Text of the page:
The Untold Truth Of H-E-B Supermarket

No matter where you live, there is probably a grocery store there that people tend to flock towards more than others. In the Northeast, that might be Wegmans. In California, it's Trader Joe's. And in Texas, that store is H-E-B. H-E-B might be "just a grocery store" if you've never been in one, but once you've shopped at the grocery chain, then you know it's so much more than an ordinary store. Honestly, it's an experience, and there's a reason why Texans are so obsessed with it — and it's not just because of the great prices and large selection of items.

H-E-B is beloved by everyone who shops there, but there's more to the store than meets the eye. Yes, even if you're the grocery chain's biggest fan, there are probably a lot of facts and surprising pieces of information you didn't know about H-E-B. So, what's the untold truth of H-E-B? Well, it's pretty interesting, and you'll definitely want to keep reading to learn more.

It all started in a small Texas town

Obviously, H-E-B is a grocery store mostly exclusive to Texas (we'll get to their other locations in a bit). Because of how large, widespread and successful H-E-B is today, you might not expect the store to have such humble beginnings. But it does, and what's more, H-E-B was actually first started by a woman.

Yes, according to H-E-B's own website, it was in 1905 that Florence Butt opened the C.C. Butt Grocery Store in Kerrville, Texas, which had fewer than 2,000 people at the time. Butt only invested $60 into the grocery store to get it off the ground. Then, in the 1920s, Butt's youngest son Howard E. Butt took over the family business and expanded it with two new stores in a relatively short amount of time. As you can see, the H-E-B initials you know and love today came from the son of the original grocery store owner. 

H-E-B didn't always have a frozen section

Believe it or not, there was actually once a time when air conditioning wasn't widely available. Yes, homes, office buildings, businesses, and stores all had to get by without any cooling system in them. This might not seem like a big deal in most cases, but when you think about a grocery store in Texas without air conditioning, you can see how keeping food fresh would be challenging.

Fortunately, in the 1940s, H-E-B was able to open its first stores with air conditioning, and because of that, they were able to stock frozen foods (via H-E-B). The brand was able to open more stores throughout Texas during the '40s and '50s and start shelving exclusive brand names. H-E-B started building modern supermarkets in the 1950s, following the now-familiar model of combining groceries, meat, a bakery, and a pharmacy in one store. It's hard to imagine there were ever grocery stores without frozen foods, but clearly, the times have changed.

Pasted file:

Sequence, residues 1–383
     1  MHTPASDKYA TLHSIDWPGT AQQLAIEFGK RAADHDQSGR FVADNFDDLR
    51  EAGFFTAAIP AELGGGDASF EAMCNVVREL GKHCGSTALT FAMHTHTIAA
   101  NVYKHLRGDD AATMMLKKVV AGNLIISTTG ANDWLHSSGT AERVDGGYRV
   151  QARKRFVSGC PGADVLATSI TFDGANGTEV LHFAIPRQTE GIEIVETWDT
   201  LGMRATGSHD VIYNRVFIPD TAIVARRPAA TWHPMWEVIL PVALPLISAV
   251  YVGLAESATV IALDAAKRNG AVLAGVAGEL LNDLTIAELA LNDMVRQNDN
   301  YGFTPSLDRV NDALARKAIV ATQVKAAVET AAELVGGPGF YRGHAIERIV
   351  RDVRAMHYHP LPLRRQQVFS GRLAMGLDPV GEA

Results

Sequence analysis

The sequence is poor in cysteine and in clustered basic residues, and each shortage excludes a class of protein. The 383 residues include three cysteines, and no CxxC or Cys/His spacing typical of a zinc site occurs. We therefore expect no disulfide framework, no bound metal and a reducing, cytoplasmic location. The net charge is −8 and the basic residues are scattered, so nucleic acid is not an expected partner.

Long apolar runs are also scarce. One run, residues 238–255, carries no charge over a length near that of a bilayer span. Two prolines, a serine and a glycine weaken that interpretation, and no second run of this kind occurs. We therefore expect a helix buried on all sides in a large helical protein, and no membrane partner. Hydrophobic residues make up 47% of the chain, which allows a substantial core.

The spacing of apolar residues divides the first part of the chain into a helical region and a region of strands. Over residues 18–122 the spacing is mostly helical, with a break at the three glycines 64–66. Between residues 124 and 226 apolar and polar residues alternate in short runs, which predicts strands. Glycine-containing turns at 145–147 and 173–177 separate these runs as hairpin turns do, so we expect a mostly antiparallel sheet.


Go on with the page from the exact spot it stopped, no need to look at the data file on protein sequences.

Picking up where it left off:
In 1994 they reimagined the grocery store

As time went on, H-E-B expanded and opened more and more stores all across the great state of Texas, selling plenty of grocery items as well as household items like paper towels, cleaning supplies, and more. But it was in 1994 that H-E-B really decided to take things to the next level when they created Central Market (via Austin American-Stateman). At the time, the store was somewhat revolutionary as a kind of gourmet grocery store that only sold gourmet, one-of-a-kind products: no household items, no cans of Coke.

Basically, the goal of Central Market was to create an elevated grocery experience, one that stood out from all the other stores out there. Nancy Fernandez, who continues to work as a back-of-house cook in the cafe, told the Austin-American Statesman that it was truly a once-in-a-lifetime chance just to work at Central Market. "It was exciting to put your hands on the best food in the world," Fernandez said. "Not every chef or cook gets that opportunity." So, if you ever get the chance to go to Central Market, don't pass it up.

H-E-B has stores in Mexico, too

Obviously, H‑E‑B is beloved across the state of Texas and is thought to be the best grocery store around (via Eater). And sort of like Whataburger, part of what makes H‑E‑B so popular is that it, too, is mostly confined to Texas, at least as far as the United States goes. H‑E‑B also has stores across the border in Mexico.

It was in 1997 that H‑E‑B expanded to Mexico with its first Mexico store in Monterrey. And as of 2021, there were already more than 60 stores in the country, according to Produce Blue Book. Clearly, H‑E‑B found plenty of success in Mexico. It's pretty interesting that the only two places you can shop at an H‑E‑B are in Texas or Mexico. Basically, if you want to see what all the hype is about over this grocery store, then you need to head down South because it doesn't seem likely that they'll expand any time soon. As Eater explains, H-E-B is proud of its Texan roots and stays defiantly local.

H-E-B's Central Market was once a popular tourist stop

It truly seems like everything that H‑E‑B touches turns to gold. From their own brand-name products to their many store locations across Texas and Mexico, H‑E‑B just knows what it's doing. Case in point: Their Central Market store concept in Austin, Texas, was a famous destination for travelers to the city. The Austin-American Statesman says that when it opened, the store became one of Austin's most popular tourist attractions. And it definitely was a sight to behold. The original Central Market in Austin was 84,00 square feet, and its opening week was pretty monumental.